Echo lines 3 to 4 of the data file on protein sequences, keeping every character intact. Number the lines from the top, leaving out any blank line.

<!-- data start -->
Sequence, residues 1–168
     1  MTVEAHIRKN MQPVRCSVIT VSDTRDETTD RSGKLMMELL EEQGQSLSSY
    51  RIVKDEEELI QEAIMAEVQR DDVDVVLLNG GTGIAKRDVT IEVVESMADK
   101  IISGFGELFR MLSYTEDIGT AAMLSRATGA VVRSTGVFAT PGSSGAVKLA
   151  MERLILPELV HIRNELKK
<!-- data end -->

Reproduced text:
    51  RIVKDEEELI QEAIMAEVQR DDVDVVLLNG GTGIAKRDVT IEVVESMADK
   101  IISGFGELFR MLSYTEDIGT AAMLSRATGA VVRSTGVFAT PGSSGAVKLA